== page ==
Once you know your skin type, check out the ingredients on the products you’re currently using. Some ingredients in skin care products are okay to use in the summer, but may be too harsh for your skin in the winter. We discuss some ingredients to look out for in the sections below.
Finally, make sure you’re treating your skin right even when you’re out of the elements. Just staying out of the cold isn’t enough to protect you from dry skin in the winter because several elements in our own homes can continue to dry out skin even once you’re inside. Furnaces and heaters often pump out extremely dry air, which could increase the likelihood of acne, and many of us take scorching hot showers in the wintertime to warm up, but hot water is well known for drying out skin. We walk through several possible solutions to these problems in the section on humidifiers and other small improvements for acne below.
Know Your Skin Type
There are four basic skin types, and it’s important to know which one you have before you try to treat cold weather acne.
Oily Skin: If your acne actually improves in the winter, you probably have oily skin. Excess oil production is a problem for oily skin during most of the year because it can clog pores, but during the winter months when the cold, dry air dries out some of your oil, your skin will have enough oil to be well-protected, but not so much that it causes acne.
Dry Skin: If your acne is always worse in the winter and actually looks pretty good in the summer, you likely have dry skin. Dry skin naturally produces less oil than it really should, so it’s often left unprotected from irritants, which leads to increased inflammation and related acne. This is an even bigger problem during the winter when the air is so dry, cold, and irritating, and you will likely see increased acne.
Combination Skin: If parts of your skin seem very oily, but other parts are very dry, you probably have combination skin. This is one of the most popular skin types, but it can also be the most frustrating because it often requires several different products. You don’t want to apply a drying cream to the dry part of your face, and you probably don’t need a super intense moisturizer for the oily part of your face.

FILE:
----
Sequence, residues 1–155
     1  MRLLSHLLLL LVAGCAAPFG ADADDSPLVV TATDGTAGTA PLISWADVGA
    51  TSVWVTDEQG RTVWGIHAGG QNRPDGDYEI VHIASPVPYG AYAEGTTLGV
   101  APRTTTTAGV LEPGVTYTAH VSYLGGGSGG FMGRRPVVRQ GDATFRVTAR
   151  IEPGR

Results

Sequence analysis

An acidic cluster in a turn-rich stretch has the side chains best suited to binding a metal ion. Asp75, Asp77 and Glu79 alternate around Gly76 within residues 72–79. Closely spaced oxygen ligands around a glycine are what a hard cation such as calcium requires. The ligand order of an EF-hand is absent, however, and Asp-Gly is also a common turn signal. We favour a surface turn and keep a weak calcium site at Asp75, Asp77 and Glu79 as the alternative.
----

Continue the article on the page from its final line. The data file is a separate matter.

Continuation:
Sensitive Skin: Sensitive skin is very responsive to various chemicals and some natural ingredients. Winter air is very likely to irritate sensitive skin, but so is the harsh, bright sunlight of summer or the pollen of spring. If you have acne year-round and it seems to be affected by everything around you, you might have sensitive skin.
Finding the Right Moisturizer for Acne-Prone Skin in Winter
The first step to getting rid of cold weather acne is finding the right moisturizer for acne-prone skin in winter. A lot of people with acne tend to skip the moisturizing step for fear of clogging their pores, but moisturizer is essential in any winter acne treatment routine for preventing the irritation and acne so common during the winter months.
One of the best ingredients you can find in a moisturizer is glycerin. Glycerin is a good ingredient for all skin types, from oily to sensitive, because it simply works by helping your skin attract and retain water, and that’s a good thing for everyone.
Another great moisturizer ingredient is sunscreen. Even though it’s cold, the sun’s rays still shine bright in the winter, meaning they can still cause sunburn, and getting sunburnt is a great way to irritate the skin and cause acne. If you have dark skin, make sure to avoid sunscreen containing zinc oxide though, as it has a bright white color that does not rub in very well and may actually collect in your pores, causing bright white spots.